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Gulf coast searocket, Cakile constricta, is a sprawling herbaceous plant native to beaches along the US gulf coast between Texas and Florida. It grows in the harsh “coastal strand zone,” that is, the sandy shore between the high tide line and dunes closest to the ocean. Here, it is exposed to hot sun, salt spray, and is sometimes submerged by ocean tides. It also occasionally occurs in wetlands and the edges of saltmarshes. As part of the mustard family (Brassicaceae), gulf coast searocket is sometimes called saltwater mustard.
Gulf coast searocket grows as an annual low shrub, reaching about 24 inches (60 cm) in height. It sometimes grows prostrate (lying down) rather than erect. Its many branches bear fleshy oval-shaped leaves, which store water, a limited commodity in its environment. Between April-October, small white or lavender flowers with four petals and a yellow center bloom at the tips of the branches.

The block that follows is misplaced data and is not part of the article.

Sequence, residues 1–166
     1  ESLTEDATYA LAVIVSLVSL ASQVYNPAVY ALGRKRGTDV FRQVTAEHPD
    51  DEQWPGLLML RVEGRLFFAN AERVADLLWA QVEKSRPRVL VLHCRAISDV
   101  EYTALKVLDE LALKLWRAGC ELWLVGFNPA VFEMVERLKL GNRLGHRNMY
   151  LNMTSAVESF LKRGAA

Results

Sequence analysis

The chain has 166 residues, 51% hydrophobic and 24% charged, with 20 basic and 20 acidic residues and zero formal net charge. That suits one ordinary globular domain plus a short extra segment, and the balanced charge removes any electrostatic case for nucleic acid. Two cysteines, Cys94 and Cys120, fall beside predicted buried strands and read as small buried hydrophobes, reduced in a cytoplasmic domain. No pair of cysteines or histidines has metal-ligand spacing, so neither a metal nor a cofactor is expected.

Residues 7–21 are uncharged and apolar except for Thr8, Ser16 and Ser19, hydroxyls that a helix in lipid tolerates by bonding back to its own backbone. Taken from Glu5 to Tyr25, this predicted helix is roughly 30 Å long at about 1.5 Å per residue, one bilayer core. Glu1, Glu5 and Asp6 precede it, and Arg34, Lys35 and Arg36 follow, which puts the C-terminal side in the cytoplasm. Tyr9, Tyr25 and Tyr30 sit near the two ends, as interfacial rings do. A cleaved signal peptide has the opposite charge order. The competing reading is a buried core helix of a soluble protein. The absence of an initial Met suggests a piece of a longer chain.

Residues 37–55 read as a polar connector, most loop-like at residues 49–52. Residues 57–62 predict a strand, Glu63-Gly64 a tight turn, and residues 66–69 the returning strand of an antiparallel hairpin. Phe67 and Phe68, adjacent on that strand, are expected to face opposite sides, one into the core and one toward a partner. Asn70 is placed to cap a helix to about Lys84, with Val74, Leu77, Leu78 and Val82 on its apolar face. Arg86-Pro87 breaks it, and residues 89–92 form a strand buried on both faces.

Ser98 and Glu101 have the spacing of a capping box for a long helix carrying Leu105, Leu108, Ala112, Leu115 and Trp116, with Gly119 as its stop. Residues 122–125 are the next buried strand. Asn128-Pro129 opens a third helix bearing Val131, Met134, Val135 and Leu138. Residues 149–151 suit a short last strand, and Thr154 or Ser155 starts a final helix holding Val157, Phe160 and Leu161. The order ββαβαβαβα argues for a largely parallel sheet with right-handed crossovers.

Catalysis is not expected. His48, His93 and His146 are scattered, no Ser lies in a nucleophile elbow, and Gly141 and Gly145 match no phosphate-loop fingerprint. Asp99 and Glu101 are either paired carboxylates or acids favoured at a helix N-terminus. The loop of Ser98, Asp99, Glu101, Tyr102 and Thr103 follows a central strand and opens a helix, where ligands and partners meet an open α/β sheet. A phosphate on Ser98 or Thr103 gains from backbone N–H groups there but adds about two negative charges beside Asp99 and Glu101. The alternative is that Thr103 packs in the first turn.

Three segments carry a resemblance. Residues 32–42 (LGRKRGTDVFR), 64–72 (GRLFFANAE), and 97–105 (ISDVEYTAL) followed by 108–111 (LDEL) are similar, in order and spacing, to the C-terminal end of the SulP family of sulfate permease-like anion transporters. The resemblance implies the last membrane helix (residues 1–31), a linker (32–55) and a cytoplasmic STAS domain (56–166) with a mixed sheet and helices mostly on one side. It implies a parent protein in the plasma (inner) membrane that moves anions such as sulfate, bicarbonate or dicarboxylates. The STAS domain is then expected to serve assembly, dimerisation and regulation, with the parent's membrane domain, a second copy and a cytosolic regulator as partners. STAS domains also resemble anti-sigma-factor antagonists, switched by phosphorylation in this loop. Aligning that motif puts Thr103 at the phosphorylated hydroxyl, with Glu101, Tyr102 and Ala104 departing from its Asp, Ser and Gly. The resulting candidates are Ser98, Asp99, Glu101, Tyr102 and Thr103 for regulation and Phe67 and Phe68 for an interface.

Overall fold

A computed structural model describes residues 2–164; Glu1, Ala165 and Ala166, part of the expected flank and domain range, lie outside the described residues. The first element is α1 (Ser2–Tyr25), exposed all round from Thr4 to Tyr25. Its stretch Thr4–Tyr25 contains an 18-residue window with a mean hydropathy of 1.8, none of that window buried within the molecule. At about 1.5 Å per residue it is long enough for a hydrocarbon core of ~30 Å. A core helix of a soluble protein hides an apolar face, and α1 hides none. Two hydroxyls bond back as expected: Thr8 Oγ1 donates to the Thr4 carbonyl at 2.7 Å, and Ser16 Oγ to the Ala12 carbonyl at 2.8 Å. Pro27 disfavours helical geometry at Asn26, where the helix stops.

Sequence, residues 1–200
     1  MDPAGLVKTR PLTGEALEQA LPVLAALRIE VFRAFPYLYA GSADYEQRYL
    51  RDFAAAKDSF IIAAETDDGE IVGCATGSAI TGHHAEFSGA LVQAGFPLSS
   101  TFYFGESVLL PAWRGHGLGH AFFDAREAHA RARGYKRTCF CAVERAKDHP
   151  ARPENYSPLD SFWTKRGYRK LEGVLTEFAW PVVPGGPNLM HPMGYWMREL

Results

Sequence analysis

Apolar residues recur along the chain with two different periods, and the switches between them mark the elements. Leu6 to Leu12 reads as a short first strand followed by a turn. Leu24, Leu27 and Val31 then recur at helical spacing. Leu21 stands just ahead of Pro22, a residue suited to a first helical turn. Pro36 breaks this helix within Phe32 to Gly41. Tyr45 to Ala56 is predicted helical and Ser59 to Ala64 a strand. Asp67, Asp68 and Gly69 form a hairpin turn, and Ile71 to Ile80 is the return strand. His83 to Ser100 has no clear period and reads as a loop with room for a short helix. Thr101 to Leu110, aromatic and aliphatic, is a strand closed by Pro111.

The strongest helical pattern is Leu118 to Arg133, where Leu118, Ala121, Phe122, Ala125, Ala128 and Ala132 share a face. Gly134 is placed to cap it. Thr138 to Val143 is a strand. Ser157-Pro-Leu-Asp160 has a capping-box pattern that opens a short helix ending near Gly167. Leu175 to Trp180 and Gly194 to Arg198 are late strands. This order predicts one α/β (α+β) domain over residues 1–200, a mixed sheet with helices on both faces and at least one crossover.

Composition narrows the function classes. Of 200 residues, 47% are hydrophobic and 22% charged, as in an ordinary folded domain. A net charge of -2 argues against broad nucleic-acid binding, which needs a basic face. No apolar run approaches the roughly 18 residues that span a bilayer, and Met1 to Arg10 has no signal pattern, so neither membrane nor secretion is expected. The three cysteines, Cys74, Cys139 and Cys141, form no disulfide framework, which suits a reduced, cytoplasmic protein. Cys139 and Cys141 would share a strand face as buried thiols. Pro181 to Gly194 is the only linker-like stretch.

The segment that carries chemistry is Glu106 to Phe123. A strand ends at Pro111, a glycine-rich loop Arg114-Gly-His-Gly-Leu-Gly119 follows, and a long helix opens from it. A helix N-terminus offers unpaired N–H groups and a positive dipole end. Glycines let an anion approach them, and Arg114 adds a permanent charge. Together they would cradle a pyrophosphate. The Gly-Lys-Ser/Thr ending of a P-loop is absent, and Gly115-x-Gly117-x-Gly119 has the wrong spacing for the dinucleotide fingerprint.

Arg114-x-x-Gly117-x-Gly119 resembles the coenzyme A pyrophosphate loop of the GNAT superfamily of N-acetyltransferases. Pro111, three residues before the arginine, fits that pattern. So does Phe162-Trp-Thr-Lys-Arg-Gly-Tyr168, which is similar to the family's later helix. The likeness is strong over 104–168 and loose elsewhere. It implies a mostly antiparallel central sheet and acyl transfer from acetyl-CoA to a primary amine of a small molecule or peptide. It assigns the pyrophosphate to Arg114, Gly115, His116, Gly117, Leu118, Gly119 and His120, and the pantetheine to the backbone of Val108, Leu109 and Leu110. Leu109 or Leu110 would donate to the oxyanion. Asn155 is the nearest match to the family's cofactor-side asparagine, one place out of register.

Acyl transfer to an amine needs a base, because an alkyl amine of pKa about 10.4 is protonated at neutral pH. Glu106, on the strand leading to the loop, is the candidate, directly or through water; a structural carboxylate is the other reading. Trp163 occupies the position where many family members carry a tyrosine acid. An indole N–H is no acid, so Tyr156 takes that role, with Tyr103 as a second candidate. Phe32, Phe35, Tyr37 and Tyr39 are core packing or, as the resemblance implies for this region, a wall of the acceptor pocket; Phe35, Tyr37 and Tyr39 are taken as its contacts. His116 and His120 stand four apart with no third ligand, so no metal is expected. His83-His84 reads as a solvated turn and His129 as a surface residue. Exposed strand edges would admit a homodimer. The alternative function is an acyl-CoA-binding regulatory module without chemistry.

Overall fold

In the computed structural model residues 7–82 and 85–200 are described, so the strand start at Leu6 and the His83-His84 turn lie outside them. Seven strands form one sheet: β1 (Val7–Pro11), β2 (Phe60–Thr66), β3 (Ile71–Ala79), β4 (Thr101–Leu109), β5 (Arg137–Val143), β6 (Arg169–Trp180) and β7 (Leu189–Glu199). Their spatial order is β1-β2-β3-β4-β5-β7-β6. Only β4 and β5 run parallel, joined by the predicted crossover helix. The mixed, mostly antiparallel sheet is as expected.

In the spring, ridged, cylindrical fruits shaped (vaguely) like rockets grow on alternating sides of the stems. When ripe, the fruits get washed into the ocean. The seeds are water-dispersed in these buoyant fruit, which are well-adapted to traveling long distances in water before waves return them to shore. Once back on the beach they get buried in sand, and the single seed breaks out of its salt-saturated fruit to germinate.
Cakile constricta is one of just a few species that dominate the relatively barren sandy coastal strand zone of the southeastern US. It grows alongside other pioneer species of this zone, including sea oats (Unica paniculata), coastal panicgrass (Panicum amarum), seaside primrose (Oenothera humifusa) and seashore elder (Iva imbricata). Together, these plants play an important role in capturing blowing sand to begin building of new dunes.
The seeds and fruit capsules of gulf coast searocket comprise a significant part of the spring diet of beach mice (Peromyscus polionotus), replacing the seeds of dune grasses, which are available in the fall.